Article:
Africa’s Custom-Made Cures

Emerging Infectious Diseases, Vol. 9, No. 10, October 2003, Atlanta With less than 1,200 deaths since the first known outbreak in 1976, Ebola is a relatively small player in the world league of infectious diseases. Still, Ebola’s mysterious origins, its high fatality rate (between 50 and 90 percent), and the sheer horror of its manifestations ...

Emerging Infectious Diseases,
Vol. 9, No. 10, October 2003, Atlanta

Emerging Infectious Diseases,
Vol. 9, No. 10, October 2003, Atlanta

With less than 1,200 deaths since the first known outbreak in 1976, Ebola is a relatively small player in the world league of infectious diseases. Still, Ebola’s mysterious origins, its high fatality rate (between 50 and 90 percent), and the sheer horror of its manifestations (patients often bleed from multiple orifices as their internal organs disintegrate) have earned the virus a top spot on the list of new bugs that bear close watching. As with most viruses, a few mutations could launch the virus from its remote outbreaks in Africa onto a destructive global odyssey.

Teams that contain Ebola outbreaks in Africa often find themselves battling more than just the virus. They’re also up against forces that defy mobile labs, protective suits, and rubber gloves: namely, unhygienic traditional healing methods, unsafe funeral rites, or patients’ deep-seated fear of just visiting a clinic. During an outbreak two years ago in Gabon, disputes over burial practices became so heated that international teams felt compelled to withdraw temporarily from a town where the epidemic was still raging.

But while outbreak fighters at the World Health Organization (WHO), the U.S. Centers for Disease Control and Prevention (CDC), or the international nongovernmental organization Médecins Sans Frontières can relate many such episodes, the medical community has yet to systematically investigate the local beliefs or misunderstandings that fuel them. Recently, however, Barry Hewlett, an anthropologist at Washington State University, and Richard Amola, a medical official at the Ugandan Ministry of Health, teamed up to study the cultural context of Ebola among the Acholi, the ethnic group hardest hit by a devastating 2000-01 outbreak in northern Uganda. They reported their findings in the cdc’s flagship monthly journal, Emerging Infectious Diseases.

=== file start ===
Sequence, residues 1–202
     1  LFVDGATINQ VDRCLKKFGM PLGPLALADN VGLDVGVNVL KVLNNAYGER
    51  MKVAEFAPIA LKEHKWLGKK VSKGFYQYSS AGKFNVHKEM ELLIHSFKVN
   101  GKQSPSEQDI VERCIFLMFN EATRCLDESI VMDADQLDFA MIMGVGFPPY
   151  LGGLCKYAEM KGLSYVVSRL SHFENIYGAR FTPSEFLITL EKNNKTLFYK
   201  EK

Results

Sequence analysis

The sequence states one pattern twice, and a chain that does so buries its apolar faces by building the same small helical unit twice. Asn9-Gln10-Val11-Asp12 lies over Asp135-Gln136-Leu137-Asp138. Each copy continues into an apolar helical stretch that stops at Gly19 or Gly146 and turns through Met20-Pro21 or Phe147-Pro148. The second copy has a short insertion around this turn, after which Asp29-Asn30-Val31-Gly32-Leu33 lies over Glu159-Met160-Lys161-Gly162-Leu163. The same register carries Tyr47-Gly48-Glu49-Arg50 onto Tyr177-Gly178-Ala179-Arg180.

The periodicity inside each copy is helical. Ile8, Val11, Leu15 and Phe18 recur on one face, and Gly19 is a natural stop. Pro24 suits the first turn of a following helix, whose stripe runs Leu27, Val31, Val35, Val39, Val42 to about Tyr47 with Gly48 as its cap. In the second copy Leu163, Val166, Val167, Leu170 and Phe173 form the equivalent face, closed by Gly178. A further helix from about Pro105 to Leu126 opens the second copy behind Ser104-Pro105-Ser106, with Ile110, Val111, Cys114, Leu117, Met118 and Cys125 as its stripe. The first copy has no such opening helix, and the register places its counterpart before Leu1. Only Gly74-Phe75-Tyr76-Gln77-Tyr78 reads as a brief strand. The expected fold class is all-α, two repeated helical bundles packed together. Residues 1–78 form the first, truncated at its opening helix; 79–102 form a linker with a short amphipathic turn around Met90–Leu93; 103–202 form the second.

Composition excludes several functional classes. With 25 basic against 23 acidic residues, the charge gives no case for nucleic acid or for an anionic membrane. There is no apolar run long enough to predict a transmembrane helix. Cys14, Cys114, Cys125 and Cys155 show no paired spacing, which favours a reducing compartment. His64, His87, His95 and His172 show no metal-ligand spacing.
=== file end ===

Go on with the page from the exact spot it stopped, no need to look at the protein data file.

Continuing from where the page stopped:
The Acholi were aware of Western biomedical explanations for the disease, the authors note. During the outbreak, some victims took antibiotics or antimalarials to try to cure themselves. But once the epidemic had raged for more than a month, another theory took hold among the Acholi. Residents started classifying the scourge as two gemo, which means "epidemic illness." Gemo are bad spirits that sneak up on many people simultaneously, perhaps as punishment for not respecting the gods.

Interestingly, gemo triggered a range of Acholi containment procedures — from quarantining patients and marking their homes to limiting everyone’s movements — that also made sense from a biomedical perspective. These procedures have been around for a long time, and it is unclear whether the Acholi adopted them from the British during colonial rule or whether they discovered their usefulness independently. In any case, Hewlett and Amola conclude that traditional beliefs aren’t always bad; in fact, they may jibe with what Western doctors would order.

Conversely, Western healthcare professionals who don’t understand local customs can make matters worse. WHO workers, for example, believed that Ugandan Ebola patients shunned hospitals because they feared they might be buried in the emergency cemetery near the local airfield, not in their village’s burial ground. Not so, Hewlett and Amolo discovered. Burial at the edge of the village was part of standard gemo protocol, and if families had been allowed to witness their loved ones being interred at the airfield, the problem could have been averted.

As fascinating as such details may be, a study published nearly three years after the last victim was infected has limited practical value. The authors can’t offer much guidance to the doctors and health authorities who will deal with coming outbreaks, because such epidemics (possibly spurred by new, different viruses) may occur among diverse ethnic groups in different countries. And one can hardly expect health authorities to dispatch anthropologists to catalog each and every cultural and medical belief across Africa.

But detailed anthropological studies like these may well become useful in another way. At a recent symposium near Washington, D.C., organized by the National Institute of Allergy and Infectious Diseases, Ebola researchers reported several promising findings, including two vaccines and a candidate drug that reduced mortality from the virus in monkeys. Sooner or later, one of these products must be tested in the real world. A profound understanding of how local cultures deal with the disease, and how a vaccine or drug would fit into their spiritual worldview, will then prove essential.

Martin Enserink is a staff writer for Science magazine.

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